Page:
Justin Hoenke, who has worked in public libraries in the U.S. and New Zealand and offers consultancy services for public libraries, has been talking to all types of library staffers for A Day in the Life, his column in Information Today. Among other things, he asks them about their typical days, moments that made them proud, their current projects, and how they see the library field evolving. Here’s a look at his columns from September 2022 to March 2023, which have been lightly edited and condensed for the web.
Here are the previous parts of this series: Part 1 | Part 2 | Part 3 | Part 4 | Part 5 | Part 6 | Part 7 | Part 8 | Part 9
You can read the full interviews in Information Today, starting with the September 2017 issue. If you’re doing something exciting at your library that you’d like to share, email email@example.com or tweet @ITINewsBreaks.
I’m back in the U.S. now, but nearly every day, I think about how over the past 2 years, I was super lucky to have the amazing Laurinda Thomas, manager of libraries and community spaces at Wellington (New Zealand) City Libraries, as my boss. Having an awesome and supportive boss is one of the best things in the library world, and I sure hope each and every one of you reading this gets your own Laurinda at some point in your career.
PLEASE GIVE US AN OVERVIEW OF HOW PUBLIC LIBRARIES OPERATE IN NEW ZEALAND.
Wellington City Libraries has 14 libraries across the city, with around 190 staff, and it serves a population of 210,000. Because Wellington is the capital city of New Zealand, we often get customers who work in Wellington but live in one of the surrounding cities.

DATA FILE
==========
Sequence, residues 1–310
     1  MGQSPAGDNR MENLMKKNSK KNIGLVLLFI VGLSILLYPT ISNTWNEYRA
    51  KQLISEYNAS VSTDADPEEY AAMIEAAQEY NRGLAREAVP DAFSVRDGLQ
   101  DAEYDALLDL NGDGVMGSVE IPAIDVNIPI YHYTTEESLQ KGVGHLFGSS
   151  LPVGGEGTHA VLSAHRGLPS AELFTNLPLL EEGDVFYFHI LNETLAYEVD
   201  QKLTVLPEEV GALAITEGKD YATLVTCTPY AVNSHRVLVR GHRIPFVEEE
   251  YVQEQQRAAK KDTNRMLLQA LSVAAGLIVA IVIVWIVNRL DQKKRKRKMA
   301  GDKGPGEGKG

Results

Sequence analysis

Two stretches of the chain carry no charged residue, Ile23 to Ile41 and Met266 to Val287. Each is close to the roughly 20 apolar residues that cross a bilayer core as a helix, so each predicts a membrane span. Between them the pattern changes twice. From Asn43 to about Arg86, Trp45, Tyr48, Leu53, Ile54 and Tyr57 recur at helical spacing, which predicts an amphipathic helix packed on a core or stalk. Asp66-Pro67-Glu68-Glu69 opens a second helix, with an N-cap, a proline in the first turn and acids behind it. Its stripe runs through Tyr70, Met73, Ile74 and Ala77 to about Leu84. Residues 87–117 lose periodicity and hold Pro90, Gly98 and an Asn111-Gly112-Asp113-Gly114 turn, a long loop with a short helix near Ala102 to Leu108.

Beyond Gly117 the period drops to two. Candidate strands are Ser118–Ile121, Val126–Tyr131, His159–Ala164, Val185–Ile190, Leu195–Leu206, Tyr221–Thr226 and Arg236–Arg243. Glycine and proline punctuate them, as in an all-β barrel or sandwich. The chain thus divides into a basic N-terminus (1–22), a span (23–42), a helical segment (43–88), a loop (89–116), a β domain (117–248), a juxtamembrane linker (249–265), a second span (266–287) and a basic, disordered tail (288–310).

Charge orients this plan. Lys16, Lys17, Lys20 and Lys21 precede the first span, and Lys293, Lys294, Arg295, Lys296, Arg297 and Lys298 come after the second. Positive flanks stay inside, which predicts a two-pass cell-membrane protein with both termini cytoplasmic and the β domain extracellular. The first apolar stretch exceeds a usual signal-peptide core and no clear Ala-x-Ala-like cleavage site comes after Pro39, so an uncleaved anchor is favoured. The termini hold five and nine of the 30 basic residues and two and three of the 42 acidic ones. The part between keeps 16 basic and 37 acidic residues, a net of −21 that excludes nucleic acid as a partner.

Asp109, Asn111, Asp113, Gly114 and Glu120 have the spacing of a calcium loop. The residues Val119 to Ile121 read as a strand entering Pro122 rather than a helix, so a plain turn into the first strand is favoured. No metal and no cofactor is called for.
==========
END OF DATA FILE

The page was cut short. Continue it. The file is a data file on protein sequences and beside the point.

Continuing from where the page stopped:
Public libraries in New Zealand are generally really well-supported by the public. In Wellington, about 50% of the population are regular users of the library. We stock all of the usual things you’d expect, like physical books, ebooks, and magazines. Our library also has things that are a bit more unusual, like records, a deluge machine, and a sound system for borrowing. We also like to dip into new and experimental things too, like zine vending machines and ebook kiosks at the airport.
PART OF MY JOB WAS OVERSEEING THE NEW JOHNSONVILLE LIBRARY AT WAITOHI COMMUNITY HUB. WHAT HAVE YOU LEARNED SINCE IT OPENED TO THE PUBLIC?
Never underestimate the popularity of a new library! We had thought that the visitor numbers would go up by about 60%. In fact, it was more like 120%. While it was a huge success, that created a challenge around staffing, as we didn’t have enough funding for the staffing we needed to keep up. We’re still working on getting the staffing level right.
Waitohi has not only a library, but also a community pool, a cafe, and a kindergarten on-site, with a community center and a park right next door. When you’re creating a hub with lots of different players, you need someone to work on building the communication, relationships, and culture among the different groups. That investment is ongoing, but it pays off.
WHAT HAS BEEN THE MOST SURPRISING THING ABOUT WORKING DURING COVID?
Our approach during COVID has really been one of “staff first.” Without our staff, there is no service. So, we do everything we can to keep them safe and well. Often, this has meant everyone staying home during a lockdown. At other times, this has meant masks for staff and customers, requiring vaccination passes, shorter hours, and no programming. We are lucky to also have a generous approach to sick leave, so people can stay home if they’re unwell and still be paid. Some days we accept that we simply don’t have enough staff to open a site, and we close that site for the day. Before COVID, it would have been almost unthinkable to close a site!